As more landslides expected, Whitehorse cautions some to prepare in case they become trapped

·2 min read
The area around Jeckell Street and 6th Avenue has been fenced off due to the landslides.  (Chris Windeyer/ CBC - image credit)
The area around Jeckell Street and 6th Avenue has been fenced off due to the landslides. (Chris Windeyer/ CBC - image credit)

As more landslides are expected in Whitehorse, the city has distributed packages to some residents that includes advice on how to prepare for the possibility of being trapped.

The packages were delivered to residents who live in the areas where landslides are expected to occur.

This includes instructions such as having enough supplies ready to last for 72 hours, and signs to go in residents' windows that say HELP or OK.

Taylor Espheter, manager of engineering services for the city, said the package is precautionary.

"So it's just some, you know, some general emergency preparedness information in there," he said.

Chris Windeyer/ CBC
Chris Windeyer/ CBC

The city said in a news release the landslides are being caused by groundwater exiting the escarpment slope, and additional experts are being brought in to further assess the situation.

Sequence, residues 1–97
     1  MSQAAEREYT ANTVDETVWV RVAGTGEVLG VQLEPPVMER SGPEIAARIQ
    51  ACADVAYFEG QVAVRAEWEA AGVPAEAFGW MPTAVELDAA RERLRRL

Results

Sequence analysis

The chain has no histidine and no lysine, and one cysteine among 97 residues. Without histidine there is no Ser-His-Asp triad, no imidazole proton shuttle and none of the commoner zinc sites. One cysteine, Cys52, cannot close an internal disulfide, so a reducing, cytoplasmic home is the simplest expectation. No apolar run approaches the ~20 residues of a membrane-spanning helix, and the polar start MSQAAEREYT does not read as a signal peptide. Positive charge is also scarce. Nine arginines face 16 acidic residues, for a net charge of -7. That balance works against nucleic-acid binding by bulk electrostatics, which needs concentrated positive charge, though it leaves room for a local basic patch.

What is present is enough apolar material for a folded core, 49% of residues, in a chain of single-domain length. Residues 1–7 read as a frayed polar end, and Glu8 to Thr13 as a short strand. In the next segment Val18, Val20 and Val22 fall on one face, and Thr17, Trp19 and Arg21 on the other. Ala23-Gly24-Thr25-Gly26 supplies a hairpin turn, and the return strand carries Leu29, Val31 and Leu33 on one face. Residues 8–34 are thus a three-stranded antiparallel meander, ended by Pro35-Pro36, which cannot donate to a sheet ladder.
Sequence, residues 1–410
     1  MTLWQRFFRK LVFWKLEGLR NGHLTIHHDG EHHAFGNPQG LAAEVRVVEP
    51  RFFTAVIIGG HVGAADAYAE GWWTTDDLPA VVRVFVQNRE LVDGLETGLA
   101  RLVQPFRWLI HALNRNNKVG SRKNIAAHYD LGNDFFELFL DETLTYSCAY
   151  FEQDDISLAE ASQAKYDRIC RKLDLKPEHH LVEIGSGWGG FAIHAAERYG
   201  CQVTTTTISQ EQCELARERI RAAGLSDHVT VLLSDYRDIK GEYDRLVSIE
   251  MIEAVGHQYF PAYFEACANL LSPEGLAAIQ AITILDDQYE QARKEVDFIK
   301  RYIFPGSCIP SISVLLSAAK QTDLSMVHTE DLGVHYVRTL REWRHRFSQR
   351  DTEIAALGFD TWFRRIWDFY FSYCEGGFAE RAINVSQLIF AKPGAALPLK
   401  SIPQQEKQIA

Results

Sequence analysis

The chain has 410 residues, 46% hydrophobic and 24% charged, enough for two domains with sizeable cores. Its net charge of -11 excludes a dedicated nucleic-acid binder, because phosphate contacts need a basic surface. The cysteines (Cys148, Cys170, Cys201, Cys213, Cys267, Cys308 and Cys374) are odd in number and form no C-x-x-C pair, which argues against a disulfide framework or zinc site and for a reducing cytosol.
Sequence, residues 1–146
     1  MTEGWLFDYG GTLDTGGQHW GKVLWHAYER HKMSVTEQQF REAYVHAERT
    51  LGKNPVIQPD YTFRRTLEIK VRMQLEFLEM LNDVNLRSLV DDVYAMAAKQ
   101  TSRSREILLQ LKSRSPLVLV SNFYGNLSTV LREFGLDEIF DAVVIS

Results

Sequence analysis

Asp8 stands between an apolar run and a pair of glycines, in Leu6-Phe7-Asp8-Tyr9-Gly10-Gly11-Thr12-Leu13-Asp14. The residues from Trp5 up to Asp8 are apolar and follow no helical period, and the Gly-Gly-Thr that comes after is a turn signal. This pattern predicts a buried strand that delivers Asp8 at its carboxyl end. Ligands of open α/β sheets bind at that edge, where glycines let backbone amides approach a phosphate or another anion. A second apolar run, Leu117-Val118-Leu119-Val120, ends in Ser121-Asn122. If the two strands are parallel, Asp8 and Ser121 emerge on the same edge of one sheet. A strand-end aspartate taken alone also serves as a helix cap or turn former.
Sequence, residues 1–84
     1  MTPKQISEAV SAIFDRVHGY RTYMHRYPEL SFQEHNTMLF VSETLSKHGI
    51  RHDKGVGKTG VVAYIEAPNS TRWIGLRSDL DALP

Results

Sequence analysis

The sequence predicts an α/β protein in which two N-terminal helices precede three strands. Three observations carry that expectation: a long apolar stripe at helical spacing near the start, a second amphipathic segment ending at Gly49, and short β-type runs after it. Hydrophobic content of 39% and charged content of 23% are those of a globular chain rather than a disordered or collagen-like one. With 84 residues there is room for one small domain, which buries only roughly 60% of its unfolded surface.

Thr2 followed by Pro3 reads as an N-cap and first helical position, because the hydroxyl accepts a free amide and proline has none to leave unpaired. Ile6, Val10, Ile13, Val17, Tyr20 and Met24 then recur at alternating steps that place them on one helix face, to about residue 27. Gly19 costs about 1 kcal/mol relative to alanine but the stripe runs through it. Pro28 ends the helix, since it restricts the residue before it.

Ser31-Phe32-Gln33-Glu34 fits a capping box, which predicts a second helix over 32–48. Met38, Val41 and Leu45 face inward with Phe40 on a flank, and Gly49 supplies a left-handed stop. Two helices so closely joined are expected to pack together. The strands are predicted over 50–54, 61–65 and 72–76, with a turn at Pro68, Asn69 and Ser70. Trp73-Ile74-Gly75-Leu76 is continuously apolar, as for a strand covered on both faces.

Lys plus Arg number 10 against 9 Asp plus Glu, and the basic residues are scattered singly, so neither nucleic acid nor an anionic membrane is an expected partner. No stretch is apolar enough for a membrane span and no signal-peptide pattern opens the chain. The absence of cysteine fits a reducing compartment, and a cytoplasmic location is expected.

An earlier release said officials are monitoring the entire escarpment and responding to landslides. The public is being told to avoid the base of the escarpment and closed-off areas such as Sixth Avenue from Jeckell Street to Drury Street, and the dog park at the end of Main Street.

The city announced on Sunday it has expanded the number of fenced perimeters at the base of the escarpment as a safety measure.

The release also said there is no risk to the public or private properties.

'We're just seeing more slides'

Dave Newell lives on Wood Street, close to one of the landslides, and has lived in that area for decades.

He said there have been landslides in the past, but they are becoming more frequent.

"So it's not new to me. But, you know, it's obviously, with more snow, now we're just seeing more slides," Newell said.

Submitted by Amy Smarch
Submitted by Amy Smarch

Anne Middler lives near the escarpment but a bit further from the area that could be at risk.

She said the city is in a tough position with its response, but she thinks officials made the right call closing off certain areas.

"You'll have people who think you're doing too much or not doing enough," she said.

"But I think this is one example of where they took a precaution. And it was wise and it was prudent and it kept people out of here when there was a risk."

Cleanup on earlier landslide had just begun

The situation comes after the city had just started cleaning up a massive landslide that occurred late last month.

That landslide was the result of about 3,000 to 4,000 cubic metres of sand, silt and clay that fell from the escarpment across Robert Service Way and the Millennium Trail, and then into the Yukon River.

The city said the current sliding is not caused by the recent construction of the sheet piling wall along Robert Service Way.

Anyone who witnesses a landslide is asked to report it to the city at 867-667-2111.

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